Peter Jenniskens, Ph.D.

Meteor astronomer


Carl Sagan Center, The SETI Institute.
E-mail: Petrus.M.Jenniskens [at] nasa.gov, Tel: 1 (650) 810 0216; Fax: 1 (650) 962 9419
Last update: December 08, 2008;
List of Publications
Portrait

Curriculum vitae

Astronomer Dr. Peter Jenniskens [Portrait (3.2 Mbyte)] is a Research Scientist with the Carl Sagan Center at the SETI Institute and works on mission projects at NASA/Ames Research Center in Moffett Field, California, and on research topics that relate to interstellar and interplanetary matter.


Research Interests:
Meteor showers - Jenniskens is an expert on meteor showers, and is known for identifying the parent body of the Quadrantid shower: a minor planet called 2003 EH1. Main belt asteroid 1999 TY224 was named (42981) "Jenniskens". Artificial meteors - Jenniskens has applied meteor shower observing techniques to study the reentry of various spacecraft. Ice - His work at the Space Science Electron Microscopy Lab has led to the discovery that unusual forms of water ice play an important role in astrophysics.
DIBs - His astronomical observations of Diffuse Interstellar Bands in the visual and near-infrared absorption spectra of interstellar matter, in collaboration with F.-X. Desert, provided the first overall view of the Diffuse Interstellar Band spectrum.


book Publications:
List of Publications. He is author of the book Meteor Showers and their Parent Comets, a comprehensive (790 page) and richly illustrated overview of the field of meteor astronomy for both amateur and professional astronomers, published by Cambridge University Press in 2006. A paperback re-print was issued in 2008.

From the hardback review: '... I expected this to be the long-awaited standard text on the subject. As it turned out, I was not disappointed. ... It is, above all, a good read.' The Observatory


Associations:
Peter Jenniskens is chair of the Task Group on Meteor Shower Nomenclature of the International Astronomical Union's (Commission 22), former chair of the professional-amateur cooperation working group (1997-2006), and a former secretary of IAU Commission 15. He is member of the American Astronomical Society (Division of Planetary Science). He has organized special sessions for meetings of COSPAR, the AGU, and the EGS, and was (co-) editor of special issues of the journals Meteoritics and Planetary Science, Advances in Space Research, and Earth Moon and Planets.


2004 - present: Artificial meteors

Peter Jenniskens is the Principal Investigator of the Stardust Sample Return Capsule Reentry Observing Campaign (Hyperseed MAC), including a similar mission to study the return of the GENESIS sample return capsule. Results include:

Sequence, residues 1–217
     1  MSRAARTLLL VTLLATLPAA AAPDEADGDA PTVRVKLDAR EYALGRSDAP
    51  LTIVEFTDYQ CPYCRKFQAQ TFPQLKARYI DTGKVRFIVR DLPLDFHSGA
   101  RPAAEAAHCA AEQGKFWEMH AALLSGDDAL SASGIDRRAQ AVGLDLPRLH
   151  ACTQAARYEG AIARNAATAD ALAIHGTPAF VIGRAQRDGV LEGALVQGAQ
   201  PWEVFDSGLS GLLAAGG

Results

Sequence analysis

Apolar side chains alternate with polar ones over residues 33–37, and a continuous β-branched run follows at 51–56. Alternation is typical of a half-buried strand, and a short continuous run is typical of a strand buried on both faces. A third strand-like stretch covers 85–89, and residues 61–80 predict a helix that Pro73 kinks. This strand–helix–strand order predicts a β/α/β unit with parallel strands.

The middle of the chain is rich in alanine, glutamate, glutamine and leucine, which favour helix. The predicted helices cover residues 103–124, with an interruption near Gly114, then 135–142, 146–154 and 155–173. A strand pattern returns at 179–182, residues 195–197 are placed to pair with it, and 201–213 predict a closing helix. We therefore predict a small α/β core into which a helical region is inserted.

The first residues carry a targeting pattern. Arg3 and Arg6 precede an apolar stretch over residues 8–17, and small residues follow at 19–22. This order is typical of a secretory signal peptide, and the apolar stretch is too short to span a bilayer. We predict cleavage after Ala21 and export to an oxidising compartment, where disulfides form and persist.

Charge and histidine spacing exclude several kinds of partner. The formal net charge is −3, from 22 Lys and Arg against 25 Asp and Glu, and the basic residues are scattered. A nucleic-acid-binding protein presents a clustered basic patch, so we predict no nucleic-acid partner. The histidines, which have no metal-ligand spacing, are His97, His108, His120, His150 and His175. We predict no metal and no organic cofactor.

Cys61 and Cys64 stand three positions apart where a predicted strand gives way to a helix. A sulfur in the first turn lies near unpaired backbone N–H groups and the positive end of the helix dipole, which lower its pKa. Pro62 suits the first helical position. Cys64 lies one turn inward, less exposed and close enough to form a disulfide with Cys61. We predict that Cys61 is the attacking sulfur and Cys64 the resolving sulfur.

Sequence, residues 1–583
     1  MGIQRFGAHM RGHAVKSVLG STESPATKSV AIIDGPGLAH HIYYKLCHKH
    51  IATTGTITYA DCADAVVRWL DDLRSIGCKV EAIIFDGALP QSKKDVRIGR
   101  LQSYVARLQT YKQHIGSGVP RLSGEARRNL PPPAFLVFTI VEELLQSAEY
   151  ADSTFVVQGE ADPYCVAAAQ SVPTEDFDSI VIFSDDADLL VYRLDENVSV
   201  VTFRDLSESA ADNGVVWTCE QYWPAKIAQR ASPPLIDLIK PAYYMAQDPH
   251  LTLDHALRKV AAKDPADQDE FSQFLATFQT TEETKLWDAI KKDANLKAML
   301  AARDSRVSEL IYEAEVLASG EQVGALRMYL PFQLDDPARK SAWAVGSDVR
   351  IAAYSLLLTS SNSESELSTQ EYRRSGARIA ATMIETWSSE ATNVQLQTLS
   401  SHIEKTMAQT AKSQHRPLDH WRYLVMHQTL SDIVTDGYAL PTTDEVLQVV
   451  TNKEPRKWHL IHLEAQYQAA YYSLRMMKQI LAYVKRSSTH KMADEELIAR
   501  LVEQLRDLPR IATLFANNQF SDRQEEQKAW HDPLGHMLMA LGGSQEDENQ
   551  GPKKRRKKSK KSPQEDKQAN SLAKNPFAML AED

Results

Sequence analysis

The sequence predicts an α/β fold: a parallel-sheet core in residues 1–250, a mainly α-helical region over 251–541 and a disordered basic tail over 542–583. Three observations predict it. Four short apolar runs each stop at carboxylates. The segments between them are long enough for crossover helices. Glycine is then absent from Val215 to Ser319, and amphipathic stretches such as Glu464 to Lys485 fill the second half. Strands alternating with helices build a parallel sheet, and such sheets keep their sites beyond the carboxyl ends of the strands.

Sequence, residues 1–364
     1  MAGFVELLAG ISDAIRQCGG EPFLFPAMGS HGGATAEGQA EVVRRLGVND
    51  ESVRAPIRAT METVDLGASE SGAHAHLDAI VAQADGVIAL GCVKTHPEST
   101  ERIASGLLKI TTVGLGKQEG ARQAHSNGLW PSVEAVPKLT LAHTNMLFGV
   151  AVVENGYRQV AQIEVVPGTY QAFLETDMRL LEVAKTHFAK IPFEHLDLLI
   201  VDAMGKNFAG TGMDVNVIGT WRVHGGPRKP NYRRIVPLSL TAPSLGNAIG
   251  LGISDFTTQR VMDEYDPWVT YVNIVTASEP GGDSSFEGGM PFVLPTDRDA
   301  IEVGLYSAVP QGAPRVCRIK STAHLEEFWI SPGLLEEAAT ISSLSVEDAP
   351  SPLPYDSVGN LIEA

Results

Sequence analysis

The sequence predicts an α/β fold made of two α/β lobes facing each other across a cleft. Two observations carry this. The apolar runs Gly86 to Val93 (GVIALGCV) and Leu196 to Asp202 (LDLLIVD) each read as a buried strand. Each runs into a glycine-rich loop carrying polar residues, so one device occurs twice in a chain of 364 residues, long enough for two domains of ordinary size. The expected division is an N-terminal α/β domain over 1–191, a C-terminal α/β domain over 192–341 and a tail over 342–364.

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group photo

1998-2003: The Leonid storms

Peter Jenniskens is the Principal Investigator of the Leonid Multi-Instrument Aircraft Campaign (Leonid MAC), with missions in November 1998 (to Okinawa, Japan) and 1999 (to Israel). The missions are organised in collaboration with Maj. S. Butow of the U.S. Air Force, Mr. Mark Fonda of the NASA Ames Exobiology Branch, and an international team of instrument PI's, key players being Dr. Chet Gardner, Dr. Ray Russell, Dr. Joe Kristl, Dr. Hajime Yano, Dr. Jiri Borovicka, Dr. Bob Hawkes, Dr. John Plane, Dr. Mike Taylor, Dr. Gary Swenson, and Dr. Bill Smith. The research aircraft were operated by the 452nd Flight Test Squadron (Edwards AFB, CA) and NCAR/RAF (Boulder, CO)

Results from the 1999 campaign were published in "Leonid Storm Research", edited by P. Jenniskens, F. Rietmeijer, N. Brosch and M. Fonda, a 606 page reprint of Vol. 82-83 of Earth, Moon and Planets (Kluwer Acad. Publ.). Results from other campaigns were published in special issues of Meteoritics and Planetary Science (1998 Leonid MAC), ISAS Special Publication (2001), Astrobiology (2001), and Advances in Space Research (2002).

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1993-1994: Ice

Water ice In 1993, Peter Jenniskens was awarded a National Research Council Associateship Award to work with Dr. David F. Blake at NASA/Ames Research Center on the study of the micro-structural and micro-chemical properties of ices and astrophysical implications. This included the study of how structural changes in water ice can drive outgassing phenomena of comets and affect the chemistry in UV photolysed interstellar ices. This work led to an article (+ cover) in the August 1994 issue of Science. In subsequent work, the following results were obtained:

Since February 1995, he has continued these studies in association with the SETI Institute in support of instrument development at NASA/Ames. The SETI Institute is a non-profit research organization that conducts and promotes research in astronomy and planetary sciences.

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1988-1992: Diffuse Interstellar Bands

Peter Jenniskens received his PhD from the University of Leiden, the Netherlands, in 1992, based on his thesis entitled "Organic Matter in Interstellar Extinction". His thesis advisors were Prof. H.J. Habing and Prof. J.M. Greenberg, and his mentor was Dr. M.S. de Groot. This work involved:

In recent years, the observational work on DIBs has been aimed at finding constraints on the DIB carrier.

Diffuse Interstellar Band spectrum
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Last modified: December 08, 2008
P. Jenniskens - email: Petrus.M.Jenniskens [at] nasa.gov